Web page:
BAMBARABANDA’s ‘Guagüita Cuna’ in time for Pasto’s ‘CARNAVAL DE NEGROS Y BLANCOS’

By | 06 January, 2016

It’s carnival time in San Juan de Pasto, Colombia, and a band that hails from the city (in the state of Nariña) has a new song to celebrate el “Carnaval de Negros y Blancos.”

BAMBARABANDA, an octet who bill themselves as “new Andean sounds” (Pasto is located in the ‘Atriz Valley’, on the Andes cordillera, at the foot of the Galeras volcano), wrote “Guagüita Cuna” as a way to “transmit and convey the feelings” that the unique carnival brings to Pasto.

The word “guagua” is what children are referred to in Pasto.

“[The song is] about the family having fun, the legacy passed down onto the children, and a party that is passed from generation to generation and year after year,” the band says. “The song reflects one’s first experience of this carnival, one’s first contact with friends and strangers, all experiencing joy amid their sorrows, while shouting, “Que viva Pasto carajo!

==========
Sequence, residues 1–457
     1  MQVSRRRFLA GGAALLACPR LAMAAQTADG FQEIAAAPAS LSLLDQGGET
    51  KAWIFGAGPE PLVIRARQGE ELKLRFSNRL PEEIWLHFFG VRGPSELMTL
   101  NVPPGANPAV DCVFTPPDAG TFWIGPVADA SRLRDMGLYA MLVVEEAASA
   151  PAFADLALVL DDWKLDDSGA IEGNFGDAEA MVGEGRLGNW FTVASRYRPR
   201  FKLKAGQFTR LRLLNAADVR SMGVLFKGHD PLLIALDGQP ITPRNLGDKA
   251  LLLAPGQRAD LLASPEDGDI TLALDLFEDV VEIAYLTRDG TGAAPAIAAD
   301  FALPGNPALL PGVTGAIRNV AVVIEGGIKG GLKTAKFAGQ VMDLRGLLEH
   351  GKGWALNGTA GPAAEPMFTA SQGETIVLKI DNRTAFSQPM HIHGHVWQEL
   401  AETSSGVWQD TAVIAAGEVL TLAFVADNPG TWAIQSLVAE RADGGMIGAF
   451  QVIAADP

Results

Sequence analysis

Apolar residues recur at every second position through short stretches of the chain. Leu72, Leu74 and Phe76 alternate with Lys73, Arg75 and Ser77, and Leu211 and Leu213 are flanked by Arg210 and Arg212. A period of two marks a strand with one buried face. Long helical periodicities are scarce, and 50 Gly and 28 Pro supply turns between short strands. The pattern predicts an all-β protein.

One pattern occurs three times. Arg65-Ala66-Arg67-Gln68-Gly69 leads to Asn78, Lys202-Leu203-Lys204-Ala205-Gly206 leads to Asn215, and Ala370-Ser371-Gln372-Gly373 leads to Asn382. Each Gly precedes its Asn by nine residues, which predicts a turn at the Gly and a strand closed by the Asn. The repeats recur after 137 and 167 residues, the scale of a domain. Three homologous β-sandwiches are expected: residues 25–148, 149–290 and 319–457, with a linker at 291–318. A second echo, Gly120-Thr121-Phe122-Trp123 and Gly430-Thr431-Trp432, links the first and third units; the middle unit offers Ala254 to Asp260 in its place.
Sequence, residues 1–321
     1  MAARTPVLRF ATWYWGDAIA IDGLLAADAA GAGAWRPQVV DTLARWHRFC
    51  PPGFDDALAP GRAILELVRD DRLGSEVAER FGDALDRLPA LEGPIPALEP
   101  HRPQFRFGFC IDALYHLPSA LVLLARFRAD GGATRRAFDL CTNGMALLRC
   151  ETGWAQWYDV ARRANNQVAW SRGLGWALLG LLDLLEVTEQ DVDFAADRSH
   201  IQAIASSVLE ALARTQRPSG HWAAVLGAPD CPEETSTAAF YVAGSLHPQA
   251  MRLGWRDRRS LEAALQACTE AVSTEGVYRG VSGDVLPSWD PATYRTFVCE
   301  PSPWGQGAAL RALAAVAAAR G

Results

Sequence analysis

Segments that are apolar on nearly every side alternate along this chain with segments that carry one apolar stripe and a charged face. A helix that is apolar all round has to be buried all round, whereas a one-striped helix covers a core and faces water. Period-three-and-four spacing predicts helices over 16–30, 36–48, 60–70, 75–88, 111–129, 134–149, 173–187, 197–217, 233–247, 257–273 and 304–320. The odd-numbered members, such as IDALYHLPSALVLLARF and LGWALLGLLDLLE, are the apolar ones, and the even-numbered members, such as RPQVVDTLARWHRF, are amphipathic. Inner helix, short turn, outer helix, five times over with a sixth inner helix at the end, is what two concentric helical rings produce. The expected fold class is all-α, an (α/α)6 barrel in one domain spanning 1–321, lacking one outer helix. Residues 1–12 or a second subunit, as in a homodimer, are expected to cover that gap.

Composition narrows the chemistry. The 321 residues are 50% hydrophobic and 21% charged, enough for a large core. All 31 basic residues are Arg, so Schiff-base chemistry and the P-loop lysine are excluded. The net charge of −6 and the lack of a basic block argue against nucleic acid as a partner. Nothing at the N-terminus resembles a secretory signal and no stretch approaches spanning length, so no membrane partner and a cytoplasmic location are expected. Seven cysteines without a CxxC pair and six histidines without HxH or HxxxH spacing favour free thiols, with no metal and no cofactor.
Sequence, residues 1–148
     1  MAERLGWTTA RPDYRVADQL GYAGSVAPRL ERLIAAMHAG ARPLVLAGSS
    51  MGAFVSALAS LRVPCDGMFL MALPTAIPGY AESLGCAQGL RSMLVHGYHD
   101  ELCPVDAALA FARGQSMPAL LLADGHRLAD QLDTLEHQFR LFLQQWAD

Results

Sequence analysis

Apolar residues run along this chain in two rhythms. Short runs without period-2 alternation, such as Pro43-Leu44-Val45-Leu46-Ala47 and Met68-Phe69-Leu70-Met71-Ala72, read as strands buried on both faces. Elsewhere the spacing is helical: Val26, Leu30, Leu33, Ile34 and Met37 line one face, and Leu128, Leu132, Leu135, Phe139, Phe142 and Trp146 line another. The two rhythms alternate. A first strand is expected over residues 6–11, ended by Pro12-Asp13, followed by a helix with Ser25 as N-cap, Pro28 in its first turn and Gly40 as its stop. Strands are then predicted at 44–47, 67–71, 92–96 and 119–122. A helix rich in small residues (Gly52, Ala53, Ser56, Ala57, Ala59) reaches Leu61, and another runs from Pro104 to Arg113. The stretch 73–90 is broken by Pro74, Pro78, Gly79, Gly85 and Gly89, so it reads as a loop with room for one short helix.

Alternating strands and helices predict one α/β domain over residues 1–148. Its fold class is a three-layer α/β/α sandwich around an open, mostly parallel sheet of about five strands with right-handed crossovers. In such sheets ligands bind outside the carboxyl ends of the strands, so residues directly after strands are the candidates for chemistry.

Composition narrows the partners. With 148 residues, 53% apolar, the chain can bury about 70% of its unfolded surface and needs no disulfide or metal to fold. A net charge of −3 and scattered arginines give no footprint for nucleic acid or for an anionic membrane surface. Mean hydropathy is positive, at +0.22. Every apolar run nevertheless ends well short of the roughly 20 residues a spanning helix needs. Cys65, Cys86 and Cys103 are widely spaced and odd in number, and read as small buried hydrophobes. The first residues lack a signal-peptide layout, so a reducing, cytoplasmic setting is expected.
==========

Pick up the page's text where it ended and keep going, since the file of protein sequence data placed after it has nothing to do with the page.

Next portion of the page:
This ‘Black and Whites’ Carnival — the largest such celebration in the southwestern part of the country, takes place between January 2nd and 7th each year and, in 2009, UNESCO proclaimed the carnival as one of the Masterpieces of the Oral and Intangible Heritage of Humanity. In 2002, it was proclaimed a National Cultural Heritage event.

Watch “Guagüita Cuna” below and follow the band on Facebook.


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